I was very young when I went abroad for the first time. I won’t say when, but my first trip to another country was to Russia, or what was at that time called the Soviet Union (okay fine, I just gave you a hint as to my age). It was the year before the Berlin Wall fell (okay, there’s another hint) and I was a gymnast training to be an Olympic star! I was given the opportunity to go with a teammate of mine to train with Russian gymnasts and their coaches. At the end of our training we were to have a “friendly competition” celebrating the amity between the Americans and the “communist” Russians – or at least that’s how I remember it.
The Russian gymnasts were indeed very friendly especially after seeing how much better they were compared to us. Picture training with a bunch of ten-year old boys (okay last hint!) who all had the body of Dwayne Johnson, a.k.a. The Rock. I thought my 3 hours of training after school each day was tough! The Russians were training all day, every day!
I was jealous. We were clearly not as strong and disciplined as the Russian gymnasts. If we did a full twist, they would do a double twist. If we did giants around the high bar, they would do the same but with no grips. I was exhausted, sore, and my hands bled from large blood blisters, but I had to show them at least one thing I could do better. So, I took the opportunity one day while practicing on the trampoline. They told us to do a double front into a pit of foam, so I decided to do a triple! As I bounced on the trampoline to get enough height, I went for it, full force, no holds barred. But I tried too hard. I curled up so quickly to make sure I could do a triple that I slammed my knee into my mouth causing my lower lip to get stuck in between my braces. Although I looked like my teeth were about to swallow my lips, the other gymnasts looked at me not with horror but with confusion. How does one manage to put his lip in between two braces?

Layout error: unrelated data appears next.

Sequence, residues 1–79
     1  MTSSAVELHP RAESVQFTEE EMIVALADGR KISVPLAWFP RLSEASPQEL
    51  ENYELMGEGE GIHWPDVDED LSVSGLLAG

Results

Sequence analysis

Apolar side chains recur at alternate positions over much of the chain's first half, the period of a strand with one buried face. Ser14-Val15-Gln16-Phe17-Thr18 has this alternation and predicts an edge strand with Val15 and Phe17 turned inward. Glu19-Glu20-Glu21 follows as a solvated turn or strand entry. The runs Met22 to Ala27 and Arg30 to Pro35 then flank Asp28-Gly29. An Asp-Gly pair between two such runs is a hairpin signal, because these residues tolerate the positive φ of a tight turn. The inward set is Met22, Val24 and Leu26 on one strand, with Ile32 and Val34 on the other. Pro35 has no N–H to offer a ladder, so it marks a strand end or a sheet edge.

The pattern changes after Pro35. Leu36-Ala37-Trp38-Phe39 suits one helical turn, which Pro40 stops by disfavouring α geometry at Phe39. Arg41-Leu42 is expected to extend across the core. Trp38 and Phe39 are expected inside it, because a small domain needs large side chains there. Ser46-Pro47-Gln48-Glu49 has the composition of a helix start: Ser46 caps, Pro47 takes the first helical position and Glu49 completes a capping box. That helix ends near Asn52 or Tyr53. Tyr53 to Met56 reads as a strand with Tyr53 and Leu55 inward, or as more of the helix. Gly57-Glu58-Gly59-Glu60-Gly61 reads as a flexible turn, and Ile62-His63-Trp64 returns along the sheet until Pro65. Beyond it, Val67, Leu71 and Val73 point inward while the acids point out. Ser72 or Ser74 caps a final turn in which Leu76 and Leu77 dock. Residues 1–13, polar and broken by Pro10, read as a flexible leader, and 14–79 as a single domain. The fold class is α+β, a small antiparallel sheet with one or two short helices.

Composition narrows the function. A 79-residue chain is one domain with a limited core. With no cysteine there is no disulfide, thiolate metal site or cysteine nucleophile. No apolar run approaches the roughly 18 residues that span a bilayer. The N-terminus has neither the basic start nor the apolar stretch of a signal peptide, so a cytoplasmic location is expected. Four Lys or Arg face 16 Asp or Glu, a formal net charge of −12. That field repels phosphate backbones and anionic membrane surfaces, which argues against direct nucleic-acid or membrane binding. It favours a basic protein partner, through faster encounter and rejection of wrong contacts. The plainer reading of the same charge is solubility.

Other than that unflattering moment, my intense Russian style gymnastics training was only secondary to my overall experience there. What I remember most was the food, the history, and the people. I remember walking around Gorky Park trading spearmint gum for little pins of Lenin’s face. I remember drinking water from a communal water dispenser, from a cup that was also communal (something I would never do now). I remember Leningrad (now St. Petersburg), the grand fountains of Peterhof, the Bolshoi Ballet, the insanely elegant Moscow metro stations, caviar which I regretfully rejected at the time, and beef stroganoff both day, and reluctantly, night.
I was young, but I remember. I only knew one story: Americans were good and freedom loving and those in the Soviet Union were poor and evil. I couldn’t understand the politics of the Cold War at that time but what I did learn is that things are never as they seem – at that age, this was not disheartening, but invigorating! My trip to Russia offered me a different set of stories that made me realize there was plenty more to discover. I saw, I spoke, I ate, and I observed – at ten years old, I knew I had to do more, and that’s exactly what I did.